In a moment, everything changes.
Sometimes it was a long time in the making. Sometimes you just knew in your heart it would happen eventually. You just didn't know when. More often than not, you chose not to believe it could actually ever come true. But it was always there, all the time. It was already decided, with or without your attempts to control.
Ack, sorry for getting all philosophical on you. But, guys, listen. Shit's gotten real here the past few weeks. Sorry for the foul language. My big sisters keep telling me I've gotta clean that up.
And I'm sorry I've fallen off the grid. But all of a sudden, nixing plastic straws and squawking about pollution seems wholly irrelevant in the grand scheme of things.
Life and death matters kinda squander all the fucks I have to give about environmental issues. Hate to say it. (There goes that sailor's mouth again. Oops.)
But people are hurting. People in my family, whom I love like crazy. Grief; deep, agonizing, complicated grief is currently under way. Unfolding like a slow-motion car accident in a Quentin Tarantino movie that you just know is going to end with flipped-over cars and hell fires burning. You can't stop it, but you just know lives will be changed forever after this.
The hardest part is knowing there's nothing I can do to fix it. I'm a bit of a control freak, so this kind of situation makes me very uncomfortable. And yet, this isn't about me or my damned comfort. Not even close. But there's not even very much I can do to help those who are immediately affected. Other than to bear witness. To hold hands with those in need. To pray.
Nevertheless, I've resumed some level of normalcy. The hospital visits have wound down and the meal prep has been taken over. Lucky for me. Not so lucky for my family members who are on the front lines and still deeply suffering firsthand with all of this.
In the midst of tragedy, it's easy to forget that my kids still need a mom and my husband still needs his wife and my boss still needs a writer and my hair still needs to get washed every few days. So I'm taking care of me now, so I can take care of them. But even throughout these past few weeks, I've tried my best to live according to Reductionist morals.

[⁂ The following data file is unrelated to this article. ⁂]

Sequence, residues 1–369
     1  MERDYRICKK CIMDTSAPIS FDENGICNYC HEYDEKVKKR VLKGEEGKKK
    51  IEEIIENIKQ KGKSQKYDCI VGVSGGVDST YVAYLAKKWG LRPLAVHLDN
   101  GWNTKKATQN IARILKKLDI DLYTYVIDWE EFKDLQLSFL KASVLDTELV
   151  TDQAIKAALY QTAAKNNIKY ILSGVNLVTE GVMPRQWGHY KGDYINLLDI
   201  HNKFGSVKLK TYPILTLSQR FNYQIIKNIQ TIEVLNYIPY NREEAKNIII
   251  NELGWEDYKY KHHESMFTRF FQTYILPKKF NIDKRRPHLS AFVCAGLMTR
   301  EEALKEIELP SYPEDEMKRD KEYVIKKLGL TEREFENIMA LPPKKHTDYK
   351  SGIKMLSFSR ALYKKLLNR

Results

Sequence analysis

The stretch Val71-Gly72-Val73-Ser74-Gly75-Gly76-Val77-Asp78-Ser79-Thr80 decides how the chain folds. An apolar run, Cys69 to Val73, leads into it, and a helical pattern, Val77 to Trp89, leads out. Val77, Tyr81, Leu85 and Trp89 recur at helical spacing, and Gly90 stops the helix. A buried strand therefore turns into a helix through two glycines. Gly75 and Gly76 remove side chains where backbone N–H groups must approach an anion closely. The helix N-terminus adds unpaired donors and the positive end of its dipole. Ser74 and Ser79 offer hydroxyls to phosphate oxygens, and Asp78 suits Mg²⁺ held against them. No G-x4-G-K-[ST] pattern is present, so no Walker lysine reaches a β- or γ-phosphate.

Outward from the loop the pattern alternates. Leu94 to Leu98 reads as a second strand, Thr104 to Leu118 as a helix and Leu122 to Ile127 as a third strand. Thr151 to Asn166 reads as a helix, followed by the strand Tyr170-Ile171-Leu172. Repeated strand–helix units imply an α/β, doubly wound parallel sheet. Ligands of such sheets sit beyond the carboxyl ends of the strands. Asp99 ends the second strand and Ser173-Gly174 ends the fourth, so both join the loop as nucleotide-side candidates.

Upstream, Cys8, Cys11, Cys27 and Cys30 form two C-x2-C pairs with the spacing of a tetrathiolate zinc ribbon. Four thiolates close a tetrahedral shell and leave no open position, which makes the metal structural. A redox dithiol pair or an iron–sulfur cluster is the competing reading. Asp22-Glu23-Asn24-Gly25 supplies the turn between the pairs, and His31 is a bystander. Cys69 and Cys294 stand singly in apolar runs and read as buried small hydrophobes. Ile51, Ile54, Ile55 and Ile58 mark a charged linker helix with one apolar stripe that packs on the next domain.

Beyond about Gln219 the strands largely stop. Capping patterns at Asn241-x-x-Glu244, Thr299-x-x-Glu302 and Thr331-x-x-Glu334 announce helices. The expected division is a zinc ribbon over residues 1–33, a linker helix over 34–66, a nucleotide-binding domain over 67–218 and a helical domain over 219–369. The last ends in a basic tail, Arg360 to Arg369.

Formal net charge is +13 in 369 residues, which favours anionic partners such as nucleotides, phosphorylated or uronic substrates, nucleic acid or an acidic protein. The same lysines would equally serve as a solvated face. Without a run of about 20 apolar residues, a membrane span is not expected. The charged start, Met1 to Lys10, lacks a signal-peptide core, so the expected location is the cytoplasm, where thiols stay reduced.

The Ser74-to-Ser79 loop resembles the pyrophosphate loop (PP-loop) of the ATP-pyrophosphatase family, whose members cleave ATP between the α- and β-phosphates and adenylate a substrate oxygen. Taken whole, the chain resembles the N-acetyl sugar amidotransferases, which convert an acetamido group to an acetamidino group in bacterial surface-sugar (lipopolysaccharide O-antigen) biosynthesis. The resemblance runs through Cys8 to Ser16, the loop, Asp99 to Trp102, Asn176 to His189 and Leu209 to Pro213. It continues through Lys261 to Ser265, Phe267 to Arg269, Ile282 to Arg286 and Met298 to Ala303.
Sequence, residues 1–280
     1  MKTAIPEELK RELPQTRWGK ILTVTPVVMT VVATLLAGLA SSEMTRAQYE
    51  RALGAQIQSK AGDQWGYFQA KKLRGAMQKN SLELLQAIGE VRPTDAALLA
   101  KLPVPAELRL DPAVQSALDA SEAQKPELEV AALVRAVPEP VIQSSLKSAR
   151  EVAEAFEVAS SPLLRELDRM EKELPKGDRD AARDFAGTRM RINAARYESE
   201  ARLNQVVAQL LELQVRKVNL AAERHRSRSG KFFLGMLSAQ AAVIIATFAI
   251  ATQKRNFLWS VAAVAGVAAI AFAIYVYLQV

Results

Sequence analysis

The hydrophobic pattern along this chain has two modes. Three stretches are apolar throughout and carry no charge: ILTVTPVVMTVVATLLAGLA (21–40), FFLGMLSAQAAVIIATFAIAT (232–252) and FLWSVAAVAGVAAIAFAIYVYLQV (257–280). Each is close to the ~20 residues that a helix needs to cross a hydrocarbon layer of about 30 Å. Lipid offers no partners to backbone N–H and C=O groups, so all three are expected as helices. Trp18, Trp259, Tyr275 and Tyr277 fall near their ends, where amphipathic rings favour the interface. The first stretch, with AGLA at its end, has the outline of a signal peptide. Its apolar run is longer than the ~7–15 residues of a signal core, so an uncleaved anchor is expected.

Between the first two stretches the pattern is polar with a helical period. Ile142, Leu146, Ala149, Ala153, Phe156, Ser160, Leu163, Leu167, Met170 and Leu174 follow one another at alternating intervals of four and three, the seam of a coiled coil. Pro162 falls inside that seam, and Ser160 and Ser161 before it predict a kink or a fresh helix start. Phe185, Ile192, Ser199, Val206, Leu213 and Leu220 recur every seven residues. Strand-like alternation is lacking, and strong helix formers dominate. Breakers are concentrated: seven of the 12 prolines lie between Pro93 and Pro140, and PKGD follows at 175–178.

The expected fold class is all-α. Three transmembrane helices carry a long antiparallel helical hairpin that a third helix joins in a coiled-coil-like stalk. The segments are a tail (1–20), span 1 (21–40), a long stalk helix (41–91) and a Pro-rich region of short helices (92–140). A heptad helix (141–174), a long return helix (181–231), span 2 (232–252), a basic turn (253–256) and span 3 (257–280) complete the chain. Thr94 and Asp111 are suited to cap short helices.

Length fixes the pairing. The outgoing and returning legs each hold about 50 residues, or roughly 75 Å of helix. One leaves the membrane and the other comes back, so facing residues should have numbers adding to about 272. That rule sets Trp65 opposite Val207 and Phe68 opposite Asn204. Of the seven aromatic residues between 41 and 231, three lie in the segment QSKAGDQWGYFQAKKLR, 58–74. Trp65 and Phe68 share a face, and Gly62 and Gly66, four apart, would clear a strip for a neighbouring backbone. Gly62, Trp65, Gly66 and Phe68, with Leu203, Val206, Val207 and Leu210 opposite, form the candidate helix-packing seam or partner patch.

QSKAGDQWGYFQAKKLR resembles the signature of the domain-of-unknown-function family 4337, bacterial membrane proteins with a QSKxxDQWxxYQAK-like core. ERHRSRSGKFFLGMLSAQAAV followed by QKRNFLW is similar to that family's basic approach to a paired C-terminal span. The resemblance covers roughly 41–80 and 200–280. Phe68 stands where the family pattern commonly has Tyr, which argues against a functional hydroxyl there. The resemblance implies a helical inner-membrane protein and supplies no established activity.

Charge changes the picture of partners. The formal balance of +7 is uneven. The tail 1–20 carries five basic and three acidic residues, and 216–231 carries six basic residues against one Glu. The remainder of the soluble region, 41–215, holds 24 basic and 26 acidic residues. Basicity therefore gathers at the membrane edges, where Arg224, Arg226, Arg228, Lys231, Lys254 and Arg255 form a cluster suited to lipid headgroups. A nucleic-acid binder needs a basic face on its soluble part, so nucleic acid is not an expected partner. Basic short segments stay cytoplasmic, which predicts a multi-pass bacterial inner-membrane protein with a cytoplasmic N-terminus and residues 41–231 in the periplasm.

Ergo, I plucked aluminum cans out of the trash at the ICU, took them home to be recycled. I slow-cooked my first batch of bone broth. Thanks to those two blessed chickens who sacrificed not just their meat but their carcasses, too, so that I may enjoy their marrow. The stuff is both delicious and nourishing, especially in such a time as this.
I also got a tick bite somewhere in there, a big old painful bullseye right on my thigh. I’m grateful it's not Lyme. I think it was a great heavenly distraction--the fever and body aches are what originally took me away from ICU-watch duty. I needed to get the hell outta there. I'm better now but am taking the antibiotics anyway. It's probably a blessing I can't drink alcohol on the stuff, or else these past coupla weeks would've looked very different for me, soaked in wine, whiskey and rage.
This sense of impossible green-ness has bled over into my home life, too. I've gotten mad--really effing mad--at my Diva Cup, for instance. The stupid thing really hasn't ever worked in the year I've used it, if I'm being honest with myself. Not the way I'd dreamed it could. I'd been saving up for a good blog post for you guys about the merits of a menstrual cup. It was going to be a long-term study. Detailed. Relevant. A glowing review with high recommendations.
But after birthing two babies close together and tearing front and back both times, my cervix maybe just isn't cut out for accepting the cup thing. Not to mention my carpal tunnel, which causes numb fingers, a.k.a. my "useless claw," makes it damned difficult to manipulate the gadget, to get the cup in and out with precision.